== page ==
If you have ever stepped foot into a public health classroom, the odds are that you have discussed the concept of social determinants of health. This is the cornerstone of epidemiology, the study of health in various populations. Race, gender, class, religion, sexual orientation, and gender identity, among other demographics, follow a gradient of positive and negative health outcomes.
For future scholars in the field, solving the gaps that exist between these demographics is the ultimate answer to creating a system of equitable healthcare. For Angela, she was able to witness the effects of social determinants in action within her own family, but was armed with the tools of self-advocacy to beat her cancer diagnosis, despite the odds of her circumstance.
As a young adult, both of Angela’s parents passed away from cancer — her father from lung cancer and her mother from breast cancer. Within two months, Angela was struggling to find an answer to why her parents were unable to receive the quality of care they deserved.
“When the doctor came back with my mother’s diagnosis, he said, ‘She has metastatic breast cancer — she is going to die.’ This white male doctor didn’t provide us with any options, any hope.”
Only a few years later, Angela found herself working in the culinary industry— an industry notorious for providing minimal benefits to workers, especially those on hourly pay like Angela. With a stroke of luck, she was able to secure a job at a high-end hotel, earn a higher hourly wage, and eventually, health insurance benefits after her first 90 days on the job.
During the probation period before her benefits kicked in, Angela was surprised to find a lump in her left armpit during a regular spot check. Recognizing her risk, she consulted with a doctor who referred her to receive an ultrasound and eventually, a mammogram. Angela was only 34 years old when she was diagnosed with breast cancer.
“I was sitting on the exam table when the physician came in with the results. She said to me, ‘It is what we feared; you have infiltrating ductal carcinoma — a form of breast cancer.’ I had an out of body experience. I looked from the floor to the ceiling, and I felt the warmth of tears on my face.”
Angela sought the guidance of her primary care provider, who was able to navigate her through the necessary screenings and treatment. Her oncologist and coordinated care team discussed the best plan forward and created a course of action that was specific to Angelas’s diagnosis and family history.
After three months of chemotherapy, a lumpectomy, and seven weeks of radiation, Angela was declared cancer-free.
Perhaps a blessing in disguise, having the first-hand experience of a cancer diagnosis opened Angela’s eyes to the inequality that existed among treatment options and quality of care for African American women. Nationally, Black women are equally likely to receive a breast cancer diagnosis, but more than 40% more likely to die from their diagnosis.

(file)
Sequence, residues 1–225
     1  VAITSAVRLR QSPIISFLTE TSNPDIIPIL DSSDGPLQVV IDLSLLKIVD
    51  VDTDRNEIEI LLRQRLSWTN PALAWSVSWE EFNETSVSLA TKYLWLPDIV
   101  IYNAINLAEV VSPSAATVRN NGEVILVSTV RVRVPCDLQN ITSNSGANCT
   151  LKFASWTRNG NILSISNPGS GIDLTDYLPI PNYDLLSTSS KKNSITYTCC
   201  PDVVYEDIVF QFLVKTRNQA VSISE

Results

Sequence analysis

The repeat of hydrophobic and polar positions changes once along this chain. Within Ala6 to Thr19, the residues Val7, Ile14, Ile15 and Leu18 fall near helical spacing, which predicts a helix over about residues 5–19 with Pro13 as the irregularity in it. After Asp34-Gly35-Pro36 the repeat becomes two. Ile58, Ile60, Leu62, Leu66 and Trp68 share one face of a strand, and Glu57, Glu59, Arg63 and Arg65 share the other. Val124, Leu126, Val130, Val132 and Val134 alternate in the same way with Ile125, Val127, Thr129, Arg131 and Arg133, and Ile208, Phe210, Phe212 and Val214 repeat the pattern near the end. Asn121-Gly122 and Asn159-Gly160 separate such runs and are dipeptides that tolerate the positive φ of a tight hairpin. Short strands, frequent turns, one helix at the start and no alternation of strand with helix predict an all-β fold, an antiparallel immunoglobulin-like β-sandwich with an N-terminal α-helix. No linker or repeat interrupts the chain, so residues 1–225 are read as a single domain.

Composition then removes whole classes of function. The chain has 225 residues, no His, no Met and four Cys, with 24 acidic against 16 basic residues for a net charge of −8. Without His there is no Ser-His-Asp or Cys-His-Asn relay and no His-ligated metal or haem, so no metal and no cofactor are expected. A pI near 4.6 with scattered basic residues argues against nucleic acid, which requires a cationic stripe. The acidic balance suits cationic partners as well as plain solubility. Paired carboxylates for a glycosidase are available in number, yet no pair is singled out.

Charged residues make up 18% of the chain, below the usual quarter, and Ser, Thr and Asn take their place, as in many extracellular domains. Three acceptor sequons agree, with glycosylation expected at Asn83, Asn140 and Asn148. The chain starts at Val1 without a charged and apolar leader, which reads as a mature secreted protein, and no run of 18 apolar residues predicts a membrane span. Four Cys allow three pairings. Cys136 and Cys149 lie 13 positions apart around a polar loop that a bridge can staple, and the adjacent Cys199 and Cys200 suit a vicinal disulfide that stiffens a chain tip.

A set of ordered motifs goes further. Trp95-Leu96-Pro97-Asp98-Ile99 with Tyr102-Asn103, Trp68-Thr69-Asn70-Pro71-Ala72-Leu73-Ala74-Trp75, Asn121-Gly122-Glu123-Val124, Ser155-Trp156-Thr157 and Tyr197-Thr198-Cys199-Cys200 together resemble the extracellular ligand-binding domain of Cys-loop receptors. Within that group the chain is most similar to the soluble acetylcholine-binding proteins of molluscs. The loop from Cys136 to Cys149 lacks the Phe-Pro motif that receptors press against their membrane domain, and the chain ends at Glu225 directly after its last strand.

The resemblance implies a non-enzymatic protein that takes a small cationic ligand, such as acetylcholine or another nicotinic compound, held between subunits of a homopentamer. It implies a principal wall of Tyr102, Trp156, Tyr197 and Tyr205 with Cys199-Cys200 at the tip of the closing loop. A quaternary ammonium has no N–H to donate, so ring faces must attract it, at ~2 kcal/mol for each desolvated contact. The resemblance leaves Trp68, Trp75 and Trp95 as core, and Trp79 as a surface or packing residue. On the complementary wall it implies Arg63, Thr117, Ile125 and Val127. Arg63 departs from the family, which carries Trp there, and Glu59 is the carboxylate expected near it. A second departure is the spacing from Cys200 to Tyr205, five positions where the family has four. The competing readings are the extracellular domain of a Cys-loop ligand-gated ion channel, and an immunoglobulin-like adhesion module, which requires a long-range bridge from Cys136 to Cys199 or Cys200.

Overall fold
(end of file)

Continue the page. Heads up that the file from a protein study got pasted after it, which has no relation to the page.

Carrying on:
Seeing these challenges in her own community influenced Angela to establish herself in the world of cancer advocacy. “There are plenty of African American women who can use their lived experience to inform policy and research,” she acknowledged. She is now fully immersed in a field she had previously disregarded. As a Director of Local and Community Government Relations within a major healthcare system, Angela fights for the women like her mother, who were wronged by systems of injustice based primarily on skin color.
Seeing her burden of illness manifest into positive change for her community is a lesson of the empowerment needed to overhaul structural change. If working on the front lines of the system wasn’t enough, Angela has begun to establish her own organization, Elevated Survivorship. Their vision is to include African American voices in policy, research, and advocacy across the cancer continuum to create a more equitable healthcare system, and change the narrative of breast cancer mortality.
When explicitly asked about social determinants of health and ways in which to address health inequalities, Angela made an insightful point that is often overlooked by those who don’t necessarily experience disease themselves. “Social determinants of health don’t just determine your health,” she said, “they determine your entire livelihood. Health touches every part of your life”.
While breast cancer survivors can use their collective voices from their experience to help future patients navigate cancer treatment, having diverse representation across demographics is necessary to change the status quo. At the crossroads of policy and research, how we engage with and include patients of all demographics is a critical way to end the cycle of health disparities.